— August 25, 2017
A while ago, I wrote about 3 controversial HR issues that have had much debate around them. Even in 2017 they all still seem to be quite “controversial”. Much of it is rooted to the mindset Asian companies and workforce have where traditional work environments and practices still prevail. It’s hard to shake off, but if you’re looking to work with millennials and achieve exponential business growth the norms have to be let go of.
The good news is that flexible work options are becoming a reality in the form of agile talent. And though performance appraisals aren’t dead yet, it’s transformed into a more effective and meaningful process. Dividing HR, however, still is a highly controversial HR topic!
And that brings me to the 4th and 5th controversial HR issues that every leader and HR professional should be thinking about:
In the past 2 years, this topic has seen plenty of social media and news worthy chatter. You could say it’s been discussed so much that there’s very little left to say. By now you’d even assume it’s been “dealt with”. However, there hasn’t been much done to address it. You hear about, you talk about it, you even agree with it. But what’s actually been done about this issue? Can companies boldly say they’ve gotten rid of the disparity and there is no gender (or otherwise) discrimination in their pay structures and policies? Are the recruitment processes across all companies equal for everyone?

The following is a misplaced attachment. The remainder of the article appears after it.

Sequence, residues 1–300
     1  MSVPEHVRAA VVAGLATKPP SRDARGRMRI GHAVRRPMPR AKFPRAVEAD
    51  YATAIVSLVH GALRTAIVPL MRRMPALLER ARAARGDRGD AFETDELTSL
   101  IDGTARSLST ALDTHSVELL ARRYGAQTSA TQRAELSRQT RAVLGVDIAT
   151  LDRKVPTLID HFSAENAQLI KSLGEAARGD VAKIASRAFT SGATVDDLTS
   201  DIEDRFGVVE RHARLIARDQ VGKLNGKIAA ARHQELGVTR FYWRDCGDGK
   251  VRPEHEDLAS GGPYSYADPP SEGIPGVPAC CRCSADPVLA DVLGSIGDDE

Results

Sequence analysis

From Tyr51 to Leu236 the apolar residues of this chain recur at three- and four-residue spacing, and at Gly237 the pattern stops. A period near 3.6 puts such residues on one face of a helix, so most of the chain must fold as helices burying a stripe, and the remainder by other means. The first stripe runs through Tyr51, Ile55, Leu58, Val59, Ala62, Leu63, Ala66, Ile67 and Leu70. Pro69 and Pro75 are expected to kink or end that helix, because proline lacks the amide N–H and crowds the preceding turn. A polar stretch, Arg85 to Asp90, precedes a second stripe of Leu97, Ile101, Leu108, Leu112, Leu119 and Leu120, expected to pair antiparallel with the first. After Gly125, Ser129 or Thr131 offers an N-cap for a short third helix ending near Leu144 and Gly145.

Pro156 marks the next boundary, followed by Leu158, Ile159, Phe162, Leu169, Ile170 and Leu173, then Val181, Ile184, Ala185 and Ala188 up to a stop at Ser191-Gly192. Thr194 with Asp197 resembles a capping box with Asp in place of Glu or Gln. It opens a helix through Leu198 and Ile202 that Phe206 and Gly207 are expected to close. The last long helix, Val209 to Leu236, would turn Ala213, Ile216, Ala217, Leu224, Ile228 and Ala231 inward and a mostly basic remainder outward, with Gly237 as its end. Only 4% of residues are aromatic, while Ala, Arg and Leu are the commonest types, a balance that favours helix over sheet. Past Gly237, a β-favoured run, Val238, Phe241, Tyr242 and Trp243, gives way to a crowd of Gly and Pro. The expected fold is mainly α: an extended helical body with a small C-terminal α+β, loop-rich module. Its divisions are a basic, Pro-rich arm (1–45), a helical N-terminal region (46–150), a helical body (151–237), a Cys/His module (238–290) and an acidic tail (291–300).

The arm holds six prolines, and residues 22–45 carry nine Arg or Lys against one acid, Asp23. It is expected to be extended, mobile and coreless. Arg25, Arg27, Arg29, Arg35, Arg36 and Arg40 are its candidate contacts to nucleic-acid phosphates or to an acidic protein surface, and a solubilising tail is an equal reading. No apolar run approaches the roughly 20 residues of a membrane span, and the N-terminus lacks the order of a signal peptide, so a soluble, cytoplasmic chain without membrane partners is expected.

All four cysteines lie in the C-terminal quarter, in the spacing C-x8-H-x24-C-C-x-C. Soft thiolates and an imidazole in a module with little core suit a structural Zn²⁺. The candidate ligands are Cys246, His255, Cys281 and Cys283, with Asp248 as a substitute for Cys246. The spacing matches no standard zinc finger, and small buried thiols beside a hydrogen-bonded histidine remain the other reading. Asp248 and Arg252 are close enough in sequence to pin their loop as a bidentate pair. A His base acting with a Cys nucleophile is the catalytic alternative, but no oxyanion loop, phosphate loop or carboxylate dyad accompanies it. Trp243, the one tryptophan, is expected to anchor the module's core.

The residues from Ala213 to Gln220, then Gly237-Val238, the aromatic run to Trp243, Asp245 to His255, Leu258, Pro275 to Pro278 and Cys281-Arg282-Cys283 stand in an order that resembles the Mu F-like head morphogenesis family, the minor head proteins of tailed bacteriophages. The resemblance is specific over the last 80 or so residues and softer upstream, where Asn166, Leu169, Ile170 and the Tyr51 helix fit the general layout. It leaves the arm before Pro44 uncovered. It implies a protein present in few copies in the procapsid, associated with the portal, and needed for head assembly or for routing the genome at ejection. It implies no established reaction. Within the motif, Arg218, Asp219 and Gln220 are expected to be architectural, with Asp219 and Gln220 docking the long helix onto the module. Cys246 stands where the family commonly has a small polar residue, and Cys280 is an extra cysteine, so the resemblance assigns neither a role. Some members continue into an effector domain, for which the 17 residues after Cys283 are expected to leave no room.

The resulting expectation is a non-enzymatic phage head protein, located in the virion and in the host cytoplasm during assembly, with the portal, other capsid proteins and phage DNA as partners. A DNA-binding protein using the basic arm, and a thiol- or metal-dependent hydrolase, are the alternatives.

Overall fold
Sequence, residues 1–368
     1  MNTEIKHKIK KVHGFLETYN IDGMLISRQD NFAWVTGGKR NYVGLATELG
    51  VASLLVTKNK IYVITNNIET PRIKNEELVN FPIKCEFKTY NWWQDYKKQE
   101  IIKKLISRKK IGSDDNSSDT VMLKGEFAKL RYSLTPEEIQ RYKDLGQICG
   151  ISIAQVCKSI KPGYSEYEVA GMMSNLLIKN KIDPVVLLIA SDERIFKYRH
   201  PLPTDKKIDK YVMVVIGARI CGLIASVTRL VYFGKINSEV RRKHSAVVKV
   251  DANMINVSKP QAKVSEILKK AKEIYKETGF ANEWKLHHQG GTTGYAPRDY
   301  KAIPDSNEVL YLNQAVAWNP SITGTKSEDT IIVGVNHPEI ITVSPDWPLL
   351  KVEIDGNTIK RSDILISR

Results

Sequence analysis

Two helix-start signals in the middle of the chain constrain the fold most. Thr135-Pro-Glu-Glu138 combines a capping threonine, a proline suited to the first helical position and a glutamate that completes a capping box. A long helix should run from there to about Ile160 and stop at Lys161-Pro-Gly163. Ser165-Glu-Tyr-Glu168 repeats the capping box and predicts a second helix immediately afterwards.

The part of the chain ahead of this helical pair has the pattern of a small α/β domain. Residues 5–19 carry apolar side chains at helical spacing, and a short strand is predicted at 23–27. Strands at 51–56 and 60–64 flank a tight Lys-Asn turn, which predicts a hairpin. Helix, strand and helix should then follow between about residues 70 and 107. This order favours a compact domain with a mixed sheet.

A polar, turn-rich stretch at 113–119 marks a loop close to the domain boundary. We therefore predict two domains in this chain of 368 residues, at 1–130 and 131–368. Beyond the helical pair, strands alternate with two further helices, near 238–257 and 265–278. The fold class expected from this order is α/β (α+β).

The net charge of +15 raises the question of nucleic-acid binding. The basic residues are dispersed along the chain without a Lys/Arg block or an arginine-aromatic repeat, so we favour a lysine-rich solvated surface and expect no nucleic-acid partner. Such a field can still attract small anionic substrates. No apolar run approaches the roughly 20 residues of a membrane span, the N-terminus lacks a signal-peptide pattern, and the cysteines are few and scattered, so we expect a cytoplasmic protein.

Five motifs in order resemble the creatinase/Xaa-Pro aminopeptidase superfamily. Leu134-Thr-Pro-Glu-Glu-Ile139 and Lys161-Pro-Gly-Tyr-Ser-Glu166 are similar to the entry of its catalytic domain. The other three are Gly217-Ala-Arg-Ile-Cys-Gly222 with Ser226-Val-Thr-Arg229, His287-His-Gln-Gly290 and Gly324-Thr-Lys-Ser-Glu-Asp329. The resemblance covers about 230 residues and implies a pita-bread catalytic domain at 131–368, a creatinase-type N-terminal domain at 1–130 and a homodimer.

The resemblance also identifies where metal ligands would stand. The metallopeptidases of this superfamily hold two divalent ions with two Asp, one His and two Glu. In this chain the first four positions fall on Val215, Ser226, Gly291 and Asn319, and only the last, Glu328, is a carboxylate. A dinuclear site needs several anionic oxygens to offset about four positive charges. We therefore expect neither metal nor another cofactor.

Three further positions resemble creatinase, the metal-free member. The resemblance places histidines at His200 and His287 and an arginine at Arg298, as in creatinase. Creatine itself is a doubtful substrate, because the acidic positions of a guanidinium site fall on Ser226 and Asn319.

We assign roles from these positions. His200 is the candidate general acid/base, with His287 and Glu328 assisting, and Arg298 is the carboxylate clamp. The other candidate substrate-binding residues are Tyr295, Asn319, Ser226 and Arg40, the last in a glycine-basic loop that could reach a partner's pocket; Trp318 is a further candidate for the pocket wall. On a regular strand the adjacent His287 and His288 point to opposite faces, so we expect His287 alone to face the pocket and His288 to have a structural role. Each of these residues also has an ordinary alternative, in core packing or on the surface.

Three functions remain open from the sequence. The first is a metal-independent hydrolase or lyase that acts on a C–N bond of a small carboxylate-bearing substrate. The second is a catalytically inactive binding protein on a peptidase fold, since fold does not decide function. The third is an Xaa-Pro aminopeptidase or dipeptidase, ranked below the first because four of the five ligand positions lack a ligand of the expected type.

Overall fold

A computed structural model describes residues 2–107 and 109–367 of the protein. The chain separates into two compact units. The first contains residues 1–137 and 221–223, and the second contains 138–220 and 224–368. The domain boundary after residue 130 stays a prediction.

On a positive note, there are some companies who’ve taken on this initiative seriously. They’ve assessed and revised their policies and procedures to be fairer. Unfortunately, however, the steps taken so far aren’t as rapid as they should be. Given the current pace at which isn’t been addressed, we can expect to be completely rid of gender disparity in the next 40 years! And that to me is highly unacceptable.
The Death of Traditional Organizational Structures
Back in 2010, there was an article on Forbes about the death of the traditional company. The observation made was that mobile technology, the internet and remote computing (the cloud) have disrupted traditional ways of working. It’s only natural then that office spaces, interactions with bosses and cross-functional teams, ways to communicate and learn new skills and even company values have all been impacted by technology. The rules of the game may not have changed, but how the game is played certainly has. Why then are organizations still hanging on to hierarchies and bureaucracies? Why are teams still designed to work in silos? Why aren’t managers sharing resources, talent and skills to maximize their functions’ output?
Some may argue that you need structure to maintain accountability and lay responsibility on. However, if you’ve clearly communicated objectives and everyone knows what’s expected of them, why is there a need to have formal structures that hamper an organization’s ability to really do much more than it currently can. Without these structures, I feel, organizations can truly unleash their talent’s potential and grow massively.
Having said all this, I’m now curious to see what the next few years (or months) brings forward for HR. The last 3 controversial HR issues haven’t been completed put to rest as yet and since then I feel 2 more have added on. Let’s see what’s in store for the business and HR worlds.